Allen, A. (2012). Using Foucault in education research. http://www.bera.ac.uk/resources. United Kingdom: British Educational Research Association on-line resource. Black, R. (2008). Beyond the classroom: Building new school networks. Camberwell, Victoria: ACER. Chapman, J.D. & Aspin, D.N. (2005). Why networks and why now? (International perspectives on networked learning). Nottingham: NCSL. Crawford, M. (2012). Solo and distributed leadership: Definitions and dilemmas. Educational Management Administration and Leadership, 40(5), 610-620. Damianakis, T. & Woodford, M.R. (2012). Qualitative research with small connected communities: Generating new knowledge while upholding research ethics. Qualitative Health Research, 22(5), 708-718. Education Act Amendment, Act 49-62U.S.C. (2006). Foucault, M. (1979). Power, truth, strategy (M. Morris & P. Patton, eds.). Sydney, Australia: Feral Publications. Foucault, M. (Ed.). (1980). Power/Knowledge: Selected interviews and other writings 1972-77 by Michel Foucault. London: Harvester Wheatsheaf. Foucault, M. (2001). Dits et ecrits I. 1954-1975. Paris: Quarto Gallimard. Foucault, M. (2002a). Governmentality. In J. D. Faubion (Ed.), Michel Foucault. Power. vol 3 (pp. 201-222). London: Penguin Books. Foucault, M. (Ed.). (2002b). The archeology of knowledge (translated by Sheridan, R. ed.). London: Routledge. Foucault, M. (2002c). The subject and power. In J. D. Faubion (Ed.), Michel Foucault. Power. vol 3 (pp. 326-348). London: Penguin Books. Gillies, D. (2013). Educational leadership and Michel Foucault. London: Routledge. Guillemin, M. & Gillam, L. (2004). Ethics, reflexivity and "ethically important moments" in research. Qualitative Inquiry, 10(2), 261-280. Jackson, D. (2005). Effective networks: What we know helps collaborative success. In Bentley, T., Hopkins, D. & Jackson, D. (Eds.), Developing a network perspective (pp. 8-11). Nottingham: NCSL. Lima, J. A. (2010). Thinking more deeply about networks in education. Journal of Educational Change, 11, 1-21. Megill, A. (1987). Prophets of extremity: Nietzche, Heidegger, Foucault, Derrida. London: University of California Press. Ministry of Education, Youth and Employment. (2005). For all children to succeed: A new network organization for quality education in Malta. Malta: Ministry of Education, Youth and Employment. Storey, A. (2004). The problem of distributed leadership in schools. School Leadership & Management: Formerly School Organisation, 24(3), 249-265. Youngs, H. (2009). (Un)critical times? Situating distributed leadership in the field. Journal of Educational Administration and History, 41(4), 377-389.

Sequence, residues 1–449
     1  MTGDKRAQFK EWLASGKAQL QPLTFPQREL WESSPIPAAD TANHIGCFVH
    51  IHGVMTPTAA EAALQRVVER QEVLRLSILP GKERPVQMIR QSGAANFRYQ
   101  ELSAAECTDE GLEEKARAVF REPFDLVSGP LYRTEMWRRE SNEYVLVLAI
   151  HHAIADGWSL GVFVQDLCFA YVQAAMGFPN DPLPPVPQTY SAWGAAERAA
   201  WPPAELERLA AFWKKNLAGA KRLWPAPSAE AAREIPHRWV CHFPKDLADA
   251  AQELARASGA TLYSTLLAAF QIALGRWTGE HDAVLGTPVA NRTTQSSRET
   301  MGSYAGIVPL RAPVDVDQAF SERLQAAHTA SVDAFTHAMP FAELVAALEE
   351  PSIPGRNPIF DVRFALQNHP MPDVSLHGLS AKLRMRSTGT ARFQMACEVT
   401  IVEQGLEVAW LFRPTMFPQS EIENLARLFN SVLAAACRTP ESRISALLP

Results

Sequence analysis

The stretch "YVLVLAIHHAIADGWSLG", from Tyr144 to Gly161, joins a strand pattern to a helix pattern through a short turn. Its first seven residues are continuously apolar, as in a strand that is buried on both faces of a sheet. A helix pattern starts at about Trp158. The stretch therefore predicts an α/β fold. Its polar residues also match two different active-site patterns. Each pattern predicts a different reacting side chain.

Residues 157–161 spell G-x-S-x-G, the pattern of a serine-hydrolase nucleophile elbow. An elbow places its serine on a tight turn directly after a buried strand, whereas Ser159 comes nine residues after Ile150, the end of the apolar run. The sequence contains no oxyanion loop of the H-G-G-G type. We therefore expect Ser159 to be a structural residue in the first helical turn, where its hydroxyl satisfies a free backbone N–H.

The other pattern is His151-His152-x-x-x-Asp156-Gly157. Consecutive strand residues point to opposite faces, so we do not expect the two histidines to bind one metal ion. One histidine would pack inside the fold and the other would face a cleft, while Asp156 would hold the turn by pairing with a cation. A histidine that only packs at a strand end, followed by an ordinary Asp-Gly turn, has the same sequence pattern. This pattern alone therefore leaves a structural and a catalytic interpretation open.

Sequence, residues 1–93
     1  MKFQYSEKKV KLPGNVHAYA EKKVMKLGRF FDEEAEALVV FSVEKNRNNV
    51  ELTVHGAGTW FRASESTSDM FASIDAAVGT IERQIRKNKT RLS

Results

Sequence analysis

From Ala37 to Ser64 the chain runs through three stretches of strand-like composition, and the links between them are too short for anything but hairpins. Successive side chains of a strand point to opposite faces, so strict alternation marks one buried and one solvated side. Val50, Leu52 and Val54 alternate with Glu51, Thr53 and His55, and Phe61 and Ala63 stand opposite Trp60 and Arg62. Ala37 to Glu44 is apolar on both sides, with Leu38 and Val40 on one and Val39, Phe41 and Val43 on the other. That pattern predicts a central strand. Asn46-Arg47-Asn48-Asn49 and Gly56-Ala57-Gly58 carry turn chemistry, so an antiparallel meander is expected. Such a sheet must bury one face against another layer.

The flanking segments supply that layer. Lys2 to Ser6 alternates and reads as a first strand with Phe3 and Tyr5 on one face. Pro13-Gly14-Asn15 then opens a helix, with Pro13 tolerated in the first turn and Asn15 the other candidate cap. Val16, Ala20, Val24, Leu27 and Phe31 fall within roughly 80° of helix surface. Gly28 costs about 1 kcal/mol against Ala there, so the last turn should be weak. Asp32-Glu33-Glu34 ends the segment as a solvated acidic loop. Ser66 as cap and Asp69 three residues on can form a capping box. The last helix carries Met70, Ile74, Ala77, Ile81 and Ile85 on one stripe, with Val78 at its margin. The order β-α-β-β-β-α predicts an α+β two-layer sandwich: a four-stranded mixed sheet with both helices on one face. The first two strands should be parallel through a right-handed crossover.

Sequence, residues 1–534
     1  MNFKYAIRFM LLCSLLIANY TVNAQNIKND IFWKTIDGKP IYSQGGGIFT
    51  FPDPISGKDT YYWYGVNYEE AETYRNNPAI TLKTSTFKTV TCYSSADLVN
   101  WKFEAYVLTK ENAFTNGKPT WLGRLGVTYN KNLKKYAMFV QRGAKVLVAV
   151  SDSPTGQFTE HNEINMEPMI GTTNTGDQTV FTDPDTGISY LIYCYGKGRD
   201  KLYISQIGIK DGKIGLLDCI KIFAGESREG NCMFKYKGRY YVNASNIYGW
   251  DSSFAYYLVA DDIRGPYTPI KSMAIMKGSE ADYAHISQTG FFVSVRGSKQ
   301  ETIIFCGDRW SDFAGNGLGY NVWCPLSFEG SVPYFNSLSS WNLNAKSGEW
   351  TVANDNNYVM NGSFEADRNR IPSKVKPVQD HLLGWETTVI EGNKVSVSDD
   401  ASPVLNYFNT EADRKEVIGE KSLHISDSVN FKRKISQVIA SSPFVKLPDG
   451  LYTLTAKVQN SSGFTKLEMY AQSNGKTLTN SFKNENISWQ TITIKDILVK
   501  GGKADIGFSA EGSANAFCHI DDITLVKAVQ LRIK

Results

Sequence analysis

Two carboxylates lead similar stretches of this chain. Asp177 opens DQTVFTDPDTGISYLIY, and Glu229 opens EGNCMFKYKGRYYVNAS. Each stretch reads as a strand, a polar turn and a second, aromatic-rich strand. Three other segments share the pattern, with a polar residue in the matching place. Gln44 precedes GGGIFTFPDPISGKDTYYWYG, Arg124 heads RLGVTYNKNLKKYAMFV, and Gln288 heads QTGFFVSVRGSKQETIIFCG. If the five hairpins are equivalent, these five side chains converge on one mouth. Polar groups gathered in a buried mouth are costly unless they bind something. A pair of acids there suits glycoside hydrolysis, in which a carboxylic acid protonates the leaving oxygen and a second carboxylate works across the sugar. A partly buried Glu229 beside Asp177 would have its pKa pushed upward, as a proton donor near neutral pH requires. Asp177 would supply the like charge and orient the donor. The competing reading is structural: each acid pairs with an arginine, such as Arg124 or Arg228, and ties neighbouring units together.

00. Central Events (Keynotes, EERA-Panel, EERJ Round Table, Invited Sessions)
Network 1. Continuing Professional Development: Learning for Individuals, Leaders, and Organisations
Network 2. Vocational Education and Training (VETNET)
Network 3. Curriculum Innovation
Network 4. Inclusive Education
Network 5. Children and Youth at Risk and Urban Education
Network 6. Open Learning: Media, Environments and Cultures
Network 7. Social Justice and Intercultural Education
Network 8. Research on Health Education
Network 9. Assessment, Evaluation, Testing and Measurement
Network 10. Teacher Education Research
Network 11. Educational Effectiveness and Quality Assurance
Network 12. LISnet - Library and Information Science Network
Network 13. Philosophy of Education
Network 14. Communities, Families and Schooling in Educational Research
Network 15. Research Partnerships in Education
Network 16. ICT in Education and Training
Network 17. Histories of Education
Network 18. Research in Sport Pedagogy
Network 19. Ethnography
Network 20. Research in Innovative Intercultural Learning Environments
Network 22. Research in Higher Education
Network 23. Policy Studies and Politics of Education
Network 24. Mathematics Education Research
Network 25. Research on Children's Rights in Education
Network 26. Educational Leadership
Network 27. Didactics – Learning and Teaching